No, not a belle, but a ding-a-ling bell.

Of course, I had to visit the ladies room about the time I got that thing zipped.

Let me just say that wrestling that hoop skirt in the bathroom stall was an experience. I was laughing out loud at the situation and was very thankful I was alone.

And last, but not least, I tried to marry my Dad.

Not really, but I had a minor case of nerves and when he walked me up the aisle, and with a strong grip on his arm, we bypassed the wedding party and I drug him right on up to the altar.

The Preacher Man, trying not to make a huge deal of our mistake, nodded his head toward where we had come from, and without moving his lips in pure ventriloquist style, whispered, “You need to go back.”

Okay, stairs were involved.

My dress was huge.

There was no way I could go back without taking the candles, the greenery and possibly the maid of honor with me.  And I’m pretty sure I would not have landed on my feet. And oh Lordy that hoop skirt would have gone over my head!

It’s true, I thought of that whole scenario in about two seconds flat before trying the ventriloquist thing myself and whispering to preacher man, “NOT in this dress!”

Preacher Man then nodded to Dad and whispered, “You go now” and then motioned to the best man, my brother, and the maid and matron of honor to join us at the altar.

The good part is that only the wedding party knew we had a major “train wreck” up there.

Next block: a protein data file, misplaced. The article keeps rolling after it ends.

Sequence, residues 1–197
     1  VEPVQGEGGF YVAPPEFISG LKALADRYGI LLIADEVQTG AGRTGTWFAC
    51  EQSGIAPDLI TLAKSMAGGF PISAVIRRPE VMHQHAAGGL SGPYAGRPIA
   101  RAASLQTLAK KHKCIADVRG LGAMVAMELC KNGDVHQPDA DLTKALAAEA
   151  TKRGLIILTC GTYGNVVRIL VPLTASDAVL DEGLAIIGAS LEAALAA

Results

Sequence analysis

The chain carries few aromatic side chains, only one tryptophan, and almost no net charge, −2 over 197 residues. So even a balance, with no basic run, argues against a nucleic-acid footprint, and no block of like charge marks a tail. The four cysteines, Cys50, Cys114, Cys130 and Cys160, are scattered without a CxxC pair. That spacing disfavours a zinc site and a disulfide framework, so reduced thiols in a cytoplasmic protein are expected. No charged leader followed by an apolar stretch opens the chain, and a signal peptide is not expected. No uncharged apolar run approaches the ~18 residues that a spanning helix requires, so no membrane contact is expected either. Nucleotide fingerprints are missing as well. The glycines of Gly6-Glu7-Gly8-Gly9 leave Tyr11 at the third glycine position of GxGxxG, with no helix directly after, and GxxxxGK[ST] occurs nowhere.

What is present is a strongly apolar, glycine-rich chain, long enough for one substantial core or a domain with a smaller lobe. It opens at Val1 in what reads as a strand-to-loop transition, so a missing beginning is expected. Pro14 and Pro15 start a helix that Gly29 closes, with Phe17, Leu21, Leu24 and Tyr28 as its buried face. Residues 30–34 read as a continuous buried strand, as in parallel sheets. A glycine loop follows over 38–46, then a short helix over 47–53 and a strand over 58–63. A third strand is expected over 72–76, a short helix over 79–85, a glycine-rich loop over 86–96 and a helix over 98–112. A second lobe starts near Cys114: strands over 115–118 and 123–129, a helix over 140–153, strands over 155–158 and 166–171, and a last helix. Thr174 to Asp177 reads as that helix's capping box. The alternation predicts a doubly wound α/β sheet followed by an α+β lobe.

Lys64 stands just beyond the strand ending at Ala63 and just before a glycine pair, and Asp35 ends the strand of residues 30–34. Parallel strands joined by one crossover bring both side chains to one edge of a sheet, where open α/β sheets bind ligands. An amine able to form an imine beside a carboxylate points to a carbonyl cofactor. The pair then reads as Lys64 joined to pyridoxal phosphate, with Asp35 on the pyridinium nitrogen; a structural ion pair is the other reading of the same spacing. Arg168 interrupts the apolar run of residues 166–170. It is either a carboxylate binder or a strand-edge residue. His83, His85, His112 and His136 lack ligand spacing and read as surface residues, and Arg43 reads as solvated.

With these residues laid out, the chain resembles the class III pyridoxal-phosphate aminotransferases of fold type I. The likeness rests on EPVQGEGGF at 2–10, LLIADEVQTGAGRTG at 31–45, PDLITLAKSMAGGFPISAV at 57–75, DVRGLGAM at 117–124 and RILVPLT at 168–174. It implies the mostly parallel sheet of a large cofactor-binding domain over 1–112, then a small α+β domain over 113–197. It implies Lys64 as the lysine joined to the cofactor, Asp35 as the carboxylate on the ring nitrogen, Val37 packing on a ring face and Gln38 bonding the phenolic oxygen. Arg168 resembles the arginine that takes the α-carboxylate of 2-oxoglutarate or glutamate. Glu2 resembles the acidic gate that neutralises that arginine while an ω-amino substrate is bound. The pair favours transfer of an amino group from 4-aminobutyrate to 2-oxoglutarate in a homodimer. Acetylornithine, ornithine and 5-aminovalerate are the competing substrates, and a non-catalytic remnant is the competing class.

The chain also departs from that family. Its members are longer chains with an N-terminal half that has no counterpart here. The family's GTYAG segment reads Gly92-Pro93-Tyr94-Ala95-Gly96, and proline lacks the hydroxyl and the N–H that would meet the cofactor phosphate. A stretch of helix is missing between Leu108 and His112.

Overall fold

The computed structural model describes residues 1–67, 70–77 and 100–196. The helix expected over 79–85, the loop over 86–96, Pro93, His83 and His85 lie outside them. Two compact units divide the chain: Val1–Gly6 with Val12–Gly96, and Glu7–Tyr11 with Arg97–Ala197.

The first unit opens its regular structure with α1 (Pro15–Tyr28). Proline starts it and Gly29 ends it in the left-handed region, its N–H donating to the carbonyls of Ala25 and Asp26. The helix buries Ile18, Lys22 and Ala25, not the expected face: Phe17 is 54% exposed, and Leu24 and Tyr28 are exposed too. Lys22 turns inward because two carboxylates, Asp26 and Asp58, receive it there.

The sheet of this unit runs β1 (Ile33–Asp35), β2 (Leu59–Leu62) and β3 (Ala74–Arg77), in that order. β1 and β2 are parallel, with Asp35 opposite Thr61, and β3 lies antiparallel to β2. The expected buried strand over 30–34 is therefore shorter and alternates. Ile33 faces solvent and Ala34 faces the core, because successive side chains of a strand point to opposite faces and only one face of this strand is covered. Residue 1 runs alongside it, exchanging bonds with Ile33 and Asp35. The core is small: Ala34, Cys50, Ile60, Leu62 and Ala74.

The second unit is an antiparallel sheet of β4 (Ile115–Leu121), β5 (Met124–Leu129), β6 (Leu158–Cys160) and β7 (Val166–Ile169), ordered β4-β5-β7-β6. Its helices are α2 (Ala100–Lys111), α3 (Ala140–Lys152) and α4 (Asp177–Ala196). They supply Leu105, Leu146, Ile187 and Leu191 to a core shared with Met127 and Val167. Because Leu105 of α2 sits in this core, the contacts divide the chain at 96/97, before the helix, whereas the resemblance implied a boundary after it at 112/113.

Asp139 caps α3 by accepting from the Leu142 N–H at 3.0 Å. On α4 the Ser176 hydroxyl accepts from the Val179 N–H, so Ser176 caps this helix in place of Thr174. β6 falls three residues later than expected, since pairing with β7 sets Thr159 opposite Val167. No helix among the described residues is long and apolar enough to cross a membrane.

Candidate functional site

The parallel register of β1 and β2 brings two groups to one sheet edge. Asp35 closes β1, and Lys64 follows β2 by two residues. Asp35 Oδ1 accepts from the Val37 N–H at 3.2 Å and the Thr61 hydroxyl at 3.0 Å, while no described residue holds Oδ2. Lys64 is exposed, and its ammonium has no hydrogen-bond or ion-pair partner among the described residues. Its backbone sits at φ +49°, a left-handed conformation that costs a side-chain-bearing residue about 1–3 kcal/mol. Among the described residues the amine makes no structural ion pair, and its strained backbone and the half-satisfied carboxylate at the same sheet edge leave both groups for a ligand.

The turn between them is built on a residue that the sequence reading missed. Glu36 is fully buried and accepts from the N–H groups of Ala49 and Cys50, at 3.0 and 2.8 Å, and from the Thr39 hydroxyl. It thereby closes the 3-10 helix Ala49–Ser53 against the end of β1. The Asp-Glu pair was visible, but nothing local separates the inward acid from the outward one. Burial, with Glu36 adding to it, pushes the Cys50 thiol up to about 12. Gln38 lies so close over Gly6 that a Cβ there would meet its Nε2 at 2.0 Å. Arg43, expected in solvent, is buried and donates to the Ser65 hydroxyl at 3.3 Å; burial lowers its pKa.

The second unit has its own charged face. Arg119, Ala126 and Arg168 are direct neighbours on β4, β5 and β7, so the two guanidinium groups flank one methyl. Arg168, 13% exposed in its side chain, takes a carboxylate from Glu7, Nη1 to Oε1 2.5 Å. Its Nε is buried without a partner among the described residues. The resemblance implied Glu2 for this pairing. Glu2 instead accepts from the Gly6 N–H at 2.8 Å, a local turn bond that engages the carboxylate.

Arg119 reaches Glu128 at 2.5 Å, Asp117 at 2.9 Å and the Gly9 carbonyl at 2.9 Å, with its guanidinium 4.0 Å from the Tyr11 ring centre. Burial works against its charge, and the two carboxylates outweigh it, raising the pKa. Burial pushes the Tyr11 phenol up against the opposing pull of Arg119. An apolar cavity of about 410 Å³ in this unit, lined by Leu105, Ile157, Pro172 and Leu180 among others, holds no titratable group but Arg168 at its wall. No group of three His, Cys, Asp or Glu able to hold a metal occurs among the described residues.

Oh, and guess who cried during the ceremony? My big brother, Gary. Bless him. Just look at him in this photo. (far right)  He’s looking off into the choir loft trying not to come undone.

Our reception was held in my hometown of Goodlettsville, at one of our favorite parks at the historic Bowen Campbell House. It was a wonderful reunion of our loved ones, with perfect weather and music…

And, a very blue cake which totally clashed with the tablecloth.

no words…

The next morning, when Larry found out that our limousine ride from the hotel to the airport would not be just the two of us, but that we had to share the ride with a Mr. Post, he was infuriated.

“Who is this Mr. Post?” he grumbled.

It was just a ride to the airport, but he had planned it out so well, and now we had a third wheel.

When Mr. Post joined us in the limo, Larry’s face lit up.

He whispered, “That’s MIKE Post, the composer!”

The trip to the airport was spent with Larry and Mr. Post talking shop.

As you know, we never do anything in a normal fashion.

But, we’re living happily even after. (No, that’s not a typo.)

Recently Alli asked me a few questions about marriage. It’s so odd that she is old enough to think of adult matters.She wanted to know if you grow apart the longer you are married, or if you get closer.

I told her that you get closer. You go through so much in a life together that the difficult times may seem to break you down, and pull you apart for a while. But you always come to the realization that this mate, this one person shares this union with you. In order to get through the low times, you have to be there for each other. In helping each other through a tough time, you grow even closer.

Always address the union.

For those of you who have found love, hold on tight to this treasure. For those of you who are looking for your soul mate, enjoy the search.

Happy Anniversary, Sweetbuns!

-Libby Lu